Sick of being saddled with all of the domestic duties and child care, a mom shared how she dropped her son at her mom's and took a trip to the cabin by herself.

By Maressa Brown
February 04, 2021
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Credit: Getty Images (1).

As the pandemic continues to exacerbate existing problems for parents, more women are rebelling and speaking out against an unequal division of labor in their homes. A mom on Reddit recently shared that she took a vacation without her husband, leaving him with "every single house duty there is for four days."

The original poster (OP) shared that she and her spouse have been together for eight years, married for 15 months, and they have a 4-year-old son together. The OP works from home and her husband works until 1 a.m., often stays up until 3 or 4 a.m. to "unwind," and then sleeps until he leaves for work.

Her husband spends time with her and their son on his days off, but she explained that "as time goes on, he does less and less around the house." Previously, she says, he would make an effort on his days off, cooking, cleaning, and taking care of their son. But now, she says she is essentially on her own.

She explained that two weeks prior to writing her post, she asked her husband for some help. But she says he only helped for about 30 minutes before going to meet a friend.

"I needed a break. I told him this," she wrote. "His way of comforting me was by hugging me and saying, 'You're doing such a good job.' Didn't offer to help or anything."

That's when the OP made a plan. She asked her mom to take her son for four days and planned a vacation for herself. She dropped her son off at her mom's and headed to their cabin—without a word to her husband. He later texted asking where she was, she explained. "He then started going off about how this is selfish of me and that if he had realized I wasn't merely stressed out that he would have helped out more."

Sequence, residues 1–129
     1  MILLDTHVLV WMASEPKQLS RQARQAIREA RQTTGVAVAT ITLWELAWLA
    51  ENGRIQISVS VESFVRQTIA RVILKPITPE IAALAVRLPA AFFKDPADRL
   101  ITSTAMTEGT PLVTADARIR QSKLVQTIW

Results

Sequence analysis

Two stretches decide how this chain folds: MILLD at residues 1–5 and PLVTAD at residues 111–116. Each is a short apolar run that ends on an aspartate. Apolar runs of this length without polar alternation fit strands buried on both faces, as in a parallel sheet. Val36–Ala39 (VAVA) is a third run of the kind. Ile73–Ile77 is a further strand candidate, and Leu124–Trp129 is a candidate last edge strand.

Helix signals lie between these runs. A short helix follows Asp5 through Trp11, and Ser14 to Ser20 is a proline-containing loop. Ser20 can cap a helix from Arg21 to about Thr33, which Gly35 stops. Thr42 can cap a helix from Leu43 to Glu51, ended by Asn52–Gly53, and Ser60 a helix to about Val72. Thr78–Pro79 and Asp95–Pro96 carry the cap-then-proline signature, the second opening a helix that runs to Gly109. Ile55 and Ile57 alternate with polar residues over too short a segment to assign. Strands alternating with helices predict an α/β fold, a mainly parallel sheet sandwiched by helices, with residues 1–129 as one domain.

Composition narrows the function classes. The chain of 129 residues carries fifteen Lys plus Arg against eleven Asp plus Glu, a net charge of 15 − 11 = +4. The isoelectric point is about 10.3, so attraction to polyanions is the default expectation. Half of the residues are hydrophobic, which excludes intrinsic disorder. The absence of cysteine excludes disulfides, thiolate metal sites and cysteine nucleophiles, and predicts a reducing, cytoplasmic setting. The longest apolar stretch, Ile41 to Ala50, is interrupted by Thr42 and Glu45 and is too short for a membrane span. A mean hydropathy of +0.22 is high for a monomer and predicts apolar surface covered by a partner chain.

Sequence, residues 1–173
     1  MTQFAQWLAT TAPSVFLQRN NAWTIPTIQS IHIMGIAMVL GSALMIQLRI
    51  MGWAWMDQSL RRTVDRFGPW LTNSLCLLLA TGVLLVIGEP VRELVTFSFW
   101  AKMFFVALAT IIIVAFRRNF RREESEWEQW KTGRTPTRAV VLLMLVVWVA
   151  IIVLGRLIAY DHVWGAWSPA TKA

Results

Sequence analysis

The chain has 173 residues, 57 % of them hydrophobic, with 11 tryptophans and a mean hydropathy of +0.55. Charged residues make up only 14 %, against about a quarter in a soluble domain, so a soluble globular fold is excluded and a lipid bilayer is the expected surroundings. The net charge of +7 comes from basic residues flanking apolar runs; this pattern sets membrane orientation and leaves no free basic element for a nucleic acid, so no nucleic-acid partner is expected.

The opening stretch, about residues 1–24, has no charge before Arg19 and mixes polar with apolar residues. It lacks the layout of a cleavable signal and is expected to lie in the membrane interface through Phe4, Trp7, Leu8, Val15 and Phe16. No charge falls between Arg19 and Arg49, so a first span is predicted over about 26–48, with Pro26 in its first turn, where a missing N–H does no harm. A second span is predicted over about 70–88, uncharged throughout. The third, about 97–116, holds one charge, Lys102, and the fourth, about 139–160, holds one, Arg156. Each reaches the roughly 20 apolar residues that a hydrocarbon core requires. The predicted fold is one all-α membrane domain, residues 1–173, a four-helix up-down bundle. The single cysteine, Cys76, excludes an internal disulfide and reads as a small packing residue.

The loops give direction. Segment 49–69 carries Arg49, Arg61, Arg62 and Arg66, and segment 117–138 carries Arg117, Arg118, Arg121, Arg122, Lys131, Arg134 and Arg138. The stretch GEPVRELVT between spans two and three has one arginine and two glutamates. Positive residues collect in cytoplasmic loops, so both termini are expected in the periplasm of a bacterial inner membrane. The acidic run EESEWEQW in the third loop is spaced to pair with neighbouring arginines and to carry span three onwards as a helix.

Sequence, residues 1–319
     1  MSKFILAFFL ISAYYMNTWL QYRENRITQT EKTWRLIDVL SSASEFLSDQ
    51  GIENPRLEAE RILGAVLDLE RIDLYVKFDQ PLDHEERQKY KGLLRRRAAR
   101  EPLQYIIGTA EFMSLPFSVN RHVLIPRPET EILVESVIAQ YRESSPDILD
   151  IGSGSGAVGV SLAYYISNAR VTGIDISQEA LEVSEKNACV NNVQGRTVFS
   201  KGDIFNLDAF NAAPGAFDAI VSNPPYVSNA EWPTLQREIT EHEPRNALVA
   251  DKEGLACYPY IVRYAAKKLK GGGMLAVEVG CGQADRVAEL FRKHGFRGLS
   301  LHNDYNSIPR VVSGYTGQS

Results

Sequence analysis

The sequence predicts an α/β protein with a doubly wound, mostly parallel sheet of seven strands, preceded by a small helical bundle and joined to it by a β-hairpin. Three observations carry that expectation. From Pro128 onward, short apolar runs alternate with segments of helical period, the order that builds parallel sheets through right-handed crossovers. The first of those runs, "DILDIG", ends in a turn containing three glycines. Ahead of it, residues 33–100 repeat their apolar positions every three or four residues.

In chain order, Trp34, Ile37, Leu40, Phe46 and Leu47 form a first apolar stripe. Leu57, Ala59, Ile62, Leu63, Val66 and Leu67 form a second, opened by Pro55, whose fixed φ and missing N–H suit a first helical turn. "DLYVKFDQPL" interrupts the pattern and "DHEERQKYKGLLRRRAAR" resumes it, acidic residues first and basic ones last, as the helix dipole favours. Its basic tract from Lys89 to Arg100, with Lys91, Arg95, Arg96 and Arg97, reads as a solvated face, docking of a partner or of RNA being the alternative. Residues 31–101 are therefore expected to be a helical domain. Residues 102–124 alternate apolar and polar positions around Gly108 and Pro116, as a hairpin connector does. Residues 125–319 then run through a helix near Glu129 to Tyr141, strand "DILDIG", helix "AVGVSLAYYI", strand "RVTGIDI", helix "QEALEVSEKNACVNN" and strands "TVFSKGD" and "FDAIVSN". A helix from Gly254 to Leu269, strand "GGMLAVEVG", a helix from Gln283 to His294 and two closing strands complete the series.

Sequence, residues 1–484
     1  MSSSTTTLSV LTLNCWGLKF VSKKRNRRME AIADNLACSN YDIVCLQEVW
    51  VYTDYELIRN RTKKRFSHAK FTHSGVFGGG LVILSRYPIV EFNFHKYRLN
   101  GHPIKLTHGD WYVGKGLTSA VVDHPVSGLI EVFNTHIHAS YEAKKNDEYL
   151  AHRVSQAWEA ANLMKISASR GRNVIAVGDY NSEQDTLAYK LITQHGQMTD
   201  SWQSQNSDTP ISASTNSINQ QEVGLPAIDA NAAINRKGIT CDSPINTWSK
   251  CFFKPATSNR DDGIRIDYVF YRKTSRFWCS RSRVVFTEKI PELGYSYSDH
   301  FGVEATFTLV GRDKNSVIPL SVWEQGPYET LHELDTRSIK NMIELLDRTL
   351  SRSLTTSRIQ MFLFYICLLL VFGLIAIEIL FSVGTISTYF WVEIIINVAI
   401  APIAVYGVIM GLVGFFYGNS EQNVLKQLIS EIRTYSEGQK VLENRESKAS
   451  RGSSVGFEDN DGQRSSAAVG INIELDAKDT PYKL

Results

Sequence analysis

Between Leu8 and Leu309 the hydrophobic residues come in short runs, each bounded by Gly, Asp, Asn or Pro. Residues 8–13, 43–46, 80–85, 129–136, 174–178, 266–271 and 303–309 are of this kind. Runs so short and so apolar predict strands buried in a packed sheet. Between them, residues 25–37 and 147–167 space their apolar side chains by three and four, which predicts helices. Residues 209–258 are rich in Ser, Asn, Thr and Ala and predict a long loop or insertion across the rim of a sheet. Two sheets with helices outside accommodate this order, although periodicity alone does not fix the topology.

The OP's husband said he has also been stressed out and tired and could have also used a vacation. And he blamed her lack of communicating the issue, she said. "But the thing is, I straight out told him I needed a break. I asked him for help," wrote the mom. "He disregarded it all."

She then turned it over to the Reddit community to ask if she was truly in the wrong.

Overwhelmingly, commenters supported the OP—and many shared similar experiences. U/ToTwoTooToo wrote, "Does husband not have eyes? Can he not see what needs to be cleaned, tidied, or cooked? Does he not know his child's needs? If he didn't before, maybe his 'four day vacation' without a child to care for or a wife to clean up after him opened his eyes."

U/broadElderberry added, "She said she needed a break. What about that is unclear?! My S.O. can be the same way. I'll say, 'My back hurts from shoveling snow,' and he'll want to go walk around the mall for hours. I'll say, 'I'm overwhelmed from doing so much around the house,' and he'll give me the same 'you're doing great.' And then when I finally have a break down, it's, 'I didn't know it was so bad, you didn't tell me!' No. We tell you. We just don't make a Broadway production out of it, so you use that to pretend that it's 'not so bad.'"

And u/sleeplessMom even summed the situation up with a hypothetical script: "I imagine conversations OP has go like this: OP: I need help cleaning. H: Ok OP: Why aren't you helping? H: You didn't tell me what I had to do! OP: *singing Hamilton* 'Look around, look around!' This may or may not be from personal experience."

The bottom line is that the OP is absolutely not alone. According to the Pew Research Center, in 2019, 49 percent of married and cohabiting men were "very satisfied with the way household chores are divided between them and their spouse or partner," while only 39 percent of women said the same. Fast-forward to COVID times, and that gap has widened significantly to 55 percent of men vs. 38 percent of women.

From Reddit to viral music videos, that dissatisfaction among women is showing up just about everywhere right now. Here's hoping that using their voices and making bold moves will lead to their partners seeing the light and stepping up.

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